At each biennial assembly since 2004, the Presbyterian General Assembly has considered a variety of overtures (resolutions) related to divestiture from companies doing business in Israel.
With this year’s resolution threatening to create a rift between the Jewish community and its long-time partners for social action in the mainstream Christian community, the Jewish Federation of Greater Portland Community Relations Committee hosted a panel discussion March 1 on how such a division has grown.
“How can we partner together…. To jointly invest in peace rather than divest?” asked JFGP Community Relations Director Bob Horenstein in introducing the three out-of-town panelists.
“I think part of the goal of this (divestment) movement is to drive a wedge between us,” said Dr. Jan Armstrong, executive Presbyter, Presbytery of Santa Barbara, Calif., and member of Presbyterians for Middle East Peace. “My goal is to have the people on the ground – Israelis, Palestinian Authority, Hamas – figure out peace. … How to live together needs to be their work.”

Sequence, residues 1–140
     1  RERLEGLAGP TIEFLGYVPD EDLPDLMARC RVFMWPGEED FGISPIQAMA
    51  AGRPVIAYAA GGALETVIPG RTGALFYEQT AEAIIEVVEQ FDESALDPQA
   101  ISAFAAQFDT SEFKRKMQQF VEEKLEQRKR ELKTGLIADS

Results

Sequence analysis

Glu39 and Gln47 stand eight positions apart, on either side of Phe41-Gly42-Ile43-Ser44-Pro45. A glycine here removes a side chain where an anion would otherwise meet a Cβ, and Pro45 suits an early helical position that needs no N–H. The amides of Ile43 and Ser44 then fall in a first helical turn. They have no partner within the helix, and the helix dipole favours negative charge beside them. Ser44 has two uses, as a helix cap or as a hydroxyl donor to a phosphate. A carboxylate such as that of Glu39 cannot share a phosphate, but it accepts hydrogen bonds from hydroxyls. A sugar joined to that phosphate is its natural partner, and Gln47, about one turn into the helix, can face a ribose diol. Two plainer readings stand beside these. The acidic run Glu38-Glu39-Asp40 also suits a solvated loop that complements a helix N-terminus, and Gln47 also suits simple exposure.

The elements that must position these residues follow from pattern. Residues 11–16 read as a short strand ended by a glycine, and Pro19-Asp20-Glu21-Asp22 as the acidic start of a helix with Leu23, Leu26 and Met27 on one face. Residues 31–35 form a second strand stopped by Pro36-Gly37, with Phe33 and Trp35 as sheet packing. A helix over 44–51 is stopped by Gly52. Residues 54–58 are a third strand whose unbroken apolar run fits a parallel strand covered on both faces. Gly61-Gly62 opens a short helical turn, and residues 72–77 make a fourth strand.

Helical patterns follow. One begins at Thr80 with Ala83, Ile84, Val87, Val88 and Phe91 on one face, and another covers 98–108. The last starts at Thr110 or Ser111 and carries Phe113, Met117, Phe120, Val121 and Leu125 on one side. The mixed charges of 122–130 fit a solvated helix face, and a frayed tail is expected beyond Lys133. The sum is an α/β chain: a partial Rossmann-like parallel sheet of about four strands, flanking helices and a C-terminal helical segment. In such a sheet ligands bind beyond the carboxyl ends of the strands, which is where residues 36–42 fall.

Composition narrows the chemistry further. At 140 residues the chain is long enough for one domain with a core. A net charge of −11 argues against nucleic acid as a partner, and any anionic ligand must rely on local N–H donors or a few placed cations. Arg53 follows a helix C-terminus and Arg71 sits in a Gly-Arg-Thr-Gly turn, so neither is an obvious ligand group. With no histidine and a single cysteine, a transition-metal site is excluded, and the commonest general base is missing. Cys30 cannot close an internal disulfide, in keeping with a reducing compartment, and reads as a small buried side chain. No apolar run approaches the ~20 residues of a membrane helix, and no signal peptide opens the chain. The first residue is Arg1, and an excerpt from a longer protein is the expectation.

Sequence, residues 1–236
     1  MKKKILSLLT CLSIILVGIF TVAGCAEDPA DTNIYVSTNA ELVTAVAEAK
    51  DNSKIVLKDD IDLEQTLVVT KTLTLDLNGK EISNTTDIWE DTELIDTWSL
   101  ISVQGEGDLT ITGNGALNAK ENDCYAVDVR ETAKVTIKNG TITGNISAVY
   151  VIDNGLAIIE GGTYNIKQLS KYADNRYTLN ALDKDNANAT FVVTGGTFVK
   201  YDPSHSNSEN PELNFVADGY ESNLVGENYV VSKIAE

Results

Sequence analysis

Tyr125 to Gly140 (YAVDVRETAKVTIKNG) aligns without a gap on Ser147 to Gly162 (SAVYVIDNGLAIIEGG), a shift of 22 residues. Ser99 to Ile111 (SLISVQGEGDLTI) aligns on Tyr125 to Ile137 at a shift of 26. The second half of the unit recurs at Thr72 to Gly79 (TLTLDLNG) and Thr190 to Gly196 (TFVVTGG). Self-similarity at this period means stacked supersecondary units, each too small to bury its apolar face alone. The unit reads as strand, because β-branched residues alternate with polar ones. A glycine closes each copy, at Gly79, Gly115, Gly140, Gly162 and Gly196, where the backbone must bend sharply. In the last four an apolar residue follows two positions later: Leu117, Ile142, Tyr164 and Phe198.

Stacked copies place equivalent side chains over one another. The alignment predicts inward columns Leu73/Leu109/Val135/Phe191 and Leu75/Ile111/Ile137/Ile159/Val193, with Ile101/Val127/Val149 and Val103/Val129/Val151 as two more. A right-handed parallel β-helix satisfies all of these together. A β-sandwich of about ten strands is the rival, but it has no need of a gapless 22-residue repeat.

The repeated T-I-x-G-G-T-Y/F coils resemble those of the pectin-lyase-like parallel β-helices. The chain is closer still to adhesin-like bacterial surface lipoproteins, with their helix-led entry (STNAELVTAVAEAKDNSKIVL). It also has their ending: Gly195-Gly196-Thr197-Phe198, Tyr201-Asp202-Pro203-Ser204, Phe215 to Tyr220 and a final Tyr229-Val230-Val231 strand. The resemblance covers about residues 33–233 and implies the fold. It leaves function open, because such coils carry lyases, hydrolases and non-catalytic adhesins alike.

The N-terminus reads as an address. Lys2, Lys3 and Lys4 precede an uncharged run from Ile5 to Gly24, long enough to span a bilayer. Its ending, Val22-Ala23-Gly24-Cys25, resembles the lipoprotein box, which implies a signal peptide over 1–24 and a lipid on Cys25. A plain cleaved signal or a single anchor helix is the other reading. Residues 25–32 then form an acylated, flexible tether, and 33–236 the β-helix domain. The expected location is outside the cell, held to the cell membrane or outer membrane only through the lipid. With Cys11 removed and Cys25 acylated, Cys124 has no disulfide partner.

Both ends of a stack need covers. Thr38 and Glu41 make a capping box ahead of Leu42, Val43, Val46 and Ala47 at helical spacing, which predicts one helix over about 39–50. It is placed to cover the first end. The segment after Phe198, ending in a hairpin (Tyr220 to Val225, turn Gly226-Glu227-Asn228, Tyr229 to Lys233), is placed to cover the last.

“PFMEP wants two states both thriving economically and where families can thrive,” he said.
Ethan Felson, vice president of the Jewish Council for Public Affairs, agreed that the divestment movement “poisons the well for interfaith relations.”
The importance of listening to the narratives of both sides in any conflict was a key point made by Peggy Obrecht, former director of the Committee on Church Relations and the Holocaust. Obrecht has lived in Israel and also has spent time in Ireland to bring Catholics and Protestants together for peace.
“In Israel so many organizations are working to bring Arabs and Jews together,” she said, noting she could think of at least seven groups, including the Hand in Hand schools founded by Portlander Lee Gordon to educate Arab-Israeli and Jewish-Israeli children side by side.